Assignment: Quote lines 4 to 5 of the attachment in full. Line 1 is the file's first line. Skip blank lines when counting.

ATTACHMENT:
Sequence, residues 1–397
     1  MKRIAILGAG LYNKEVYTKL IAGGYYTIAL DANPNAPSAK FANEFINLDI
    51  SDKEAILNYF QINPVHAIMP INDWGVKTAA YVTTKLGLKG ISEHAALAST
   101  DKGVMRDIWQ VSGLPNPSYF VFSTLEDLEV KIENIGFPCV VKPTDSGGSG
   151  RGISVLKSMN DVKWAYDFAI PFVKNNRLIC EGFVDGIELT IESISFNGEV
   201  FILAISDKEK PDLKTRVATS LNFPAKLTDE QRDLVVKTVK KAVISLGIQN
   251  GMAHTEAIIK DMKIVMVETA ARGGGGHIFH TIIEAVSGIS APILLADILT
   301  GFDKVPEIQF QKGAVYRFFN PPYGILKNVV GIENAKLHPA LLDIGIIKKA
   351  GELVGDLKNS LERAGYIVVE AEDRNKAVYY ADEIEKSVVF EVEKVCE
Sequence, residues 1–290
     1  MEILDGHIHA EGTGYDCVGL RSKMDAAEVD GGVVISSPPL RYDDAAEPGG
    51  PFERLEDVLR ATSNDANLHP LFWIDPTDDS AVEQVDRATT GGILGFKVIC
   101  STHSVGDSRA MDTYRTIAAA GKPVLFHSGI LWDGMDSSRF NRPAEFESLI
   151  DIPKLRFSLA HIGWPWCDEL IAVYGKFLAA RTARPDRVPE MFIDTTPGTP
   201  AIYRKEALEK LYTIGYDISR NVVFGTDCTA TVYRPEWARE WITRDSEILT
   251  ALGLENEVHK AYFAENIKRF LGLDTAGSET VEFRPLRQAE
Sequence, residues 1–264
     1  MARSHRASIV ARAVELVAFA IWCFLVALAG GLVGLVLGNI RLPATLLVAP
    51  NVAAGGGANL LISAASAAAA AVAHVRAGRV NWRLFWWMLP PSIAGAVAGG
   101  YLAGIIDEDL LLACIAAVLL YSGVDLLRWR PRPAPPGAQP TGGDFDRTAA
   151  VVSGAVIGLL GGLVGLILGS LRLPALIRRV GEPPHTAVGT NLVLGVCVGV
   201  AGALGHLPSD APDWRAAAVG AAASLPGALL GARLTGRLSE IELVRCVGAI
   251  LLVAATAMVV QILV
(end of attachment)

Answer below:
   101  DKGVMRDIWQ VSGLPNPSYF VFSTLEDLEV KIENIGFPCV VKPTDSGGSG
   151  RGISVLKSMN DVKWAYDFAI PFVKNNRLIC EGFVDGIELT IESISFNGEV